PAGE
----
Romans 16 is quite unlike any other chapter in Romans, indeed in the whole of Scripture. But it is like the endings of nearly all Paul’s letters, just writ large. Now you may think these personal greetings unimportant, after all the recipients are long dead, or boring, like the 9 chapters of genealogies that begin 1 Chronicles. You would be wrong.
The big take away is that the church consists of ordinary people and they count. They are loved by Paul and loved by Christ. Paul greets fellow workers, members, men and women, families (Aristobulus and Narcissus), brothers and mothers (16:13-14), even the unnamed he doesn’t know personally. What’s amazing is that he’s never been to Rome! Yet he mentions 26 by name. A third were women (9 of 28), 5 of whom are identified as workers/workers in the Lord (cf. Philippians 4:3). Women’s ministry in Rome! The list is full of personal and ministry details. Four he calls, ‘beloved’. Clearly Paul was a pastor and loved people. People mattered, women mattered. Ministries were recognised and affirmed. It’s also evident that Paul has close relationships with his fellow workers and friends in Corinth, eight of whom sent greetings to the churches in Rome (16:21-23).
How did Paul know all these people? Some like Priscilla, Aquila and Urbanus, were fellow workers, others gospel workers he knew (Tryphaena and Tryphosa), several were his kinsmen, Andronicus and Junia were fellow prisoners, and others no doubt members of churches he’d planted. Besides knowing Paul, they were united in that they had all travelled to Rome (or previously met Paul on their travels). There was great mobility in the Roman Empire: good roads to ride and walk on and sailing ships that carried passengers. Business women like Chloe (1 Corinthians 1:11) and Lydia (Acts 16:14) travelled – she was 500 km by sea from her home town when Paul met her. It wasn’t just traders, missionaries and false teachers who travelled. In the early church there were many travelling evangelists. Numerous Christians kept a guest room aside for travelling evangelists (3 John 5-8), like Gaius who hosted Paul (16:23), as the inns were often seedy places.
Besides all the greetings Paul passed on to individuals, we read: ‘all the churches of the Gentiles’ gave thanks to Priscilla and Aquila (16:4); ‘all the churches of Christ’ greeted the Roman church (16:16), as did Paul’s fellow workers (16:21-23). Clearly there were bonds of love between Christians and between churches. Those bonds had to be maintained, so Paul warns against those who cause divisions contrary to apostolic doctrine (16:17-18).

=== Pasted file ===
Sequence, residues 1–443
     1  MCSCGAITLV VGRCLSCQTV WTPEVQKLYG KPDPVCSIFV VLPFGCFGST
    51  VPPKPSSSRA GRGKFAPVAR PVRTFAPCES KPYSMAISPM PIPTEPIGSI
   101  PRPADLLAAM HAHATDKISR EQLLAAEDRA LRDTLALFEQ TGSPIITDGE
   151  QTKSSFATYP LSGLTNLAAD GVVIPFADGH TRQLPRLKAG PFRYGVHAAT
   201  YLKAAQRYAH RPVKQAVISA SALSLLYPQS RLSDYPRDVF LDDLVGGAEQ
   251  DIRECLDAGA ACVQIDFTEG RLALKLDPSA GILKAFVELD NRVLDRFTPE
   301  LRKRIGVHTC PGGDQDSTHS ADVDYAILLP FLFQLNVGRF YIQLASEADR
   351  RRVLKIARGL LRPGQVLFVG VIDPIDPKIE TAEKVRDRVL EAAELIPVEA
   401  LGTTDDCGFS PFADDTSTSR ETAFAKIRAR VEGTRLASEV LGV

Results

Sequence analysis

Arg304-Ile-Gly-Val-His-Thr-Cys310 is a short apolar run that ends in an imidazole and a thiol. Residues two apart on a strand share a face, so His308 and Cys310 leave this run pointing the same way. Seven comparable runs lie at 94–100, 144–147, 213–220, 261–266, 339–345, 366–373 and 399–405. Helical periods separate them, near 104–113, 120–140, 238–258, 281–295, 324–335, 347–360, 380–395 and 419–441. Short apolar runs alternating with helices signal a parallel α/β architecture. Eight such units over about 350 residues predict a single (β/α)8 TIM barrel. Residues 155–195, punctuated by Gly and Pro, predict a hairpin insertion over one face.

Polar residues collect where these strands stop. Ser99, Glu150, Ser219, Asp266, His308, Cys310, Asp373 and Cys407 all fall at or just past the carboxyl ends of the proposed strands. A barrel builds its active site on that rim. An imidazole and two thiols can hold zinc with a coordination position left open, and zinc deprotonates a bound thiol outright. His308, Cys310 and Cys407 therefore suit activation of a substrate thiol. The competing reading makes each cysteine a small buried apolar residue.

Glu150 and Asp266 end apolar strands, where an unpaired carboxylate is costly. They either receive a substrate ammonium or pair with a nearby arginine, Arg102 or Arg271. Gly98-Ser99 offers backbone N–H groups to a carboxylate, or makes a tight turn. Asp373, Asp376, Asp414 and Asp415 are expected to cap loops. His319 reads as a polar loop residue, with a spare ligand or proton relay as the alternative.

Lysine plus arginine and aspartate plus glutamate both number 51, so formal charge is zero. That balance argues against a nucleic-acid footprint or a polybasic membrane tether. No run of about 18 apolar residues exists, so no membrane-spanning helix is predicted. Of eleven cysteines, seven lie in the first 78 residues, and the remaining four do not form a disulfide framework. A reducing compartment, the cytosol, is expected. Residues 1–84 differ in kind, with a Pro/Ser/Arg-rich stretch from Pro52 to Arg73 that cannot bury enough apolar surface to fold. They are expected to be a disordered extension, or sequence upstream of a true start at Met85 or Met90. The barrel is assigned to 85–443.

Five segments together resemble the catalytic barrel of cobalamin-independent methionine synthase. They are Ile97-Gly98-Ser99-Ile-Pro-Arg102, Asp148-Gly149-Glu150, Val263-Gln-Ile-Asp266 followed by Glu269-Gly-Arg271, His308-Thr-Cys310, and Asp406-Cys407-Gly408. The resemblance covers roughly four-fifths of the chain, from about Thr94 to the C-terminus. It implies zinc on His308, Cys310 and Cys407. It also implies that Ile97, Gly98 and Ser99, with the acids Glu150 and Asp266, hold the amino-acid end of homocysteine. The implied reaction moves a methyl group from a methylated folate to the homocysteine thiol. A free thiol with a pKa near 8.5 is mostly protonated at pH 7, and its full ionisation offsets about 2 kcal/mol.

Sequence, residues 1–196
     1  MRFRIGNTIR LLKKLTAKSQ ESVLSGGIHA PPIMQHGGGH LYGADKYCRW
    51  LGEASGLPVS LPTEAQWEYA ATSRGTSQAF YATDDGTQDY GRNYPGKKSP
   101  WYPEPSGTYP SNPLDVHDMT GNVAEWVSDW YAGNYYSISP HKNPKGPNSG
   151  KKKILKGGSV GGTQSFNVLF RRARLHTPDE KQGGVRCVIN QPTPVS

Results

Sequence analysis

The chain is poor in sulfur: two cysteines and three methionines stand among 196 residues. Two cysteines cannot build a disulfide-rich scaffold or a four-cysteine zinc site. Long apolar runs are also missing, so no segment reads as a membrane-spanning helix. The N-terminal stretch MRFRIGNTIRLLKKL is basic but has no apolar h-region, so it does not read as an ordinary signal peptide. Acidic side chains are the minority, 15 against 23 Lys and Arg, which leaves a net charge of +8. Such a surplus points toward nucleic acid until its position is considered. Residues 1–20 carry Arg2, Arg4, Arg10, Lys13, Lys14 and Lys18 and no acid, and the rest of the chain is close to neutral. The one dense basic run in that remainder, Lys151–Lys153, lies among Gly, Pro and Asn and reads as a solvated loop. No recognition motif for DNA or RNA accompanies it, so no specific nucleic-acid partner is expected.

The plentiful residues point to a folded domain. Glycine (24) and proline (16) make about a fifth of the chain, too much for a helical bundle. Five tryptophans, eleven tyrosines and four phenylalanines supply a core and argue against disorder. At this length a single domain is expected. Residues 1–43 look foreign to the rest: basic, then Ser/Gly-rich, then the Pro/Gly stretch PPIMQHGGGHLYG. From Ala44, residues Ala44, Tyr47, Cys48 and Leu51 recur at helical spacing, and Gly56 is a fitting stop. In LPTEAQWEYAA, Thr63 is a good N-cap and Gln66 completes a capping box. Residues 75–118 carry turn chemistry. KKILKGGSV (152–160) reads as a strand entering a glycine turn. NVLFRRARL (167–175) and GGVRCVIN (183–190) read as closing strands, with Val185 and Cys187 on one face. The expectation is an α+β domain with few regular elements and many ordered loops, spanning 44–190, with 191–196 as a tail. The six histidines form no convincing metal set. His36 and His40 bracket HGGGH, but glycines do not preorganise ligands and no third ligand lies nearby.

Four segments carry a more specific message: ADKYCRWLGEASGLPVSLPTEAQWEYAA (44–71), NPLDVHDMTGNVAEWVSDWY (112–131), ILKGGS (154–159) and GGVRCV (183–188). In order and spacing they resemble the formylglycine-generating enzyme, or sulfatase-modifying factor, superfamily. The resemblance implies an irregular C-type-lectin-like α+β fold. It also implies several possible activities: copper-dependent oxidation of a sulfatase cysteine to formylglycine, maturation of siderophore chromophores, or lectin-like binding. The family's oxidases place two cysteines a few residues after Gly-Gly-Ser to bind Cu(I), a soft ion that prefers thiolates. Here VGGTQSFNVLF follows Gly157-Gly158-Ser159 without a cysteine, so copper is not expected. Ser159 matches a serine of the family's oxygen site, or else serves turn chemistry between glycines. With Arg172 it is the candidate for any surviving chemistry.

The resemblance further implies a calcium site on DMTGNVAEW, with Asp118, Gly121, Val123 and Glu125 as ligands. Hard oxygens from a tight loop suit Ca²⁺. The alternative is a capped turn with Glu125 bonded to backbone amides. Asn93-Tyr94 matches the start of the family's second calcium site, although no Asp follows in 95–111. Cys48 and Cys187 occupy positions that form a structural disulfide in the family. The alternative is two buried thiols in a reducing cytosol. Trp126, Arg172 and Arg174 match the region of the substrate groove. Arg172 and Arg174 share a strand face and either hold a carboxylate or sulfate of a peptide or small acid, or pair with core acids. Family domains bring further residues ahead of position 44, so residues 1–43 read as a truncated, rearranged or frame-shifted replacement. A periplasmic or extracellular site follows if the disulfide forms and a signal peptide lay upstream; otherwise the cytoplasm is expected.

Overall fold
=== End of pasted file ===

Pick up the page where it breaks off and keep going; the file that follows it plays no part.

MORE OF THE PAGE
Finally, Phoebe, a vignette. Paul calls her a deacon (16:1) in the church of Cenchreae. ‘Deacon’ comes from the Greek word meaning ‘servant’. Some of those who served were officially recognised in the early church (Acts 6:1-6, Philippians 1:1, 1 Timothy 2:8-13). In Acts 6 they distributed food to the widows in need so that the apostles could give themselves to prayer and the ministry of the Word. From this developed the whole ‘ministry of mercy’ in the early church and Reformation churches. This is a critical ministry needed in South Africa today with its huge unemployment and poverty. Deacons have to know the faith but don’t have to be able to teach (1 Timothy 2:8-13). Paul distinguished between presbyters (elders) and deacons; we need to do the same and recognise and appoint biblical deacons. Their ministry is broad: finances, property, administration and mercy – not Word ministry but the practical side of the church, though some deacons may be gifted in Word ministry like Stephen and Philip (Acts 7-8).
Next Paul states that Phoebe ‘has been a patron of many and of myself as well’ (16:2 ESV). She supported Paul’s apostolic ministry and the ministry of ‘many’. Patrons were wealthy people who financially supported others. They have played a significant role in the church. Churches, theological colleges and charities have benefitted hugely from wealthy individuals and their trusts.
Third, Phoebe was almost certainly the bearer of Paul’s letter to Rome. Romans 16:1-2 introduces and commends her. She had the huge responsibility of preserving and safely delivering the letter first to Priscilla and Aquila’s house church and then to a gathering of the whole church. She too would have read the letter meaningfully to the church, having been coached by Paul. Because of her faithfulness we have Romans today, a letter that teaches the church the gospel and has changed the world!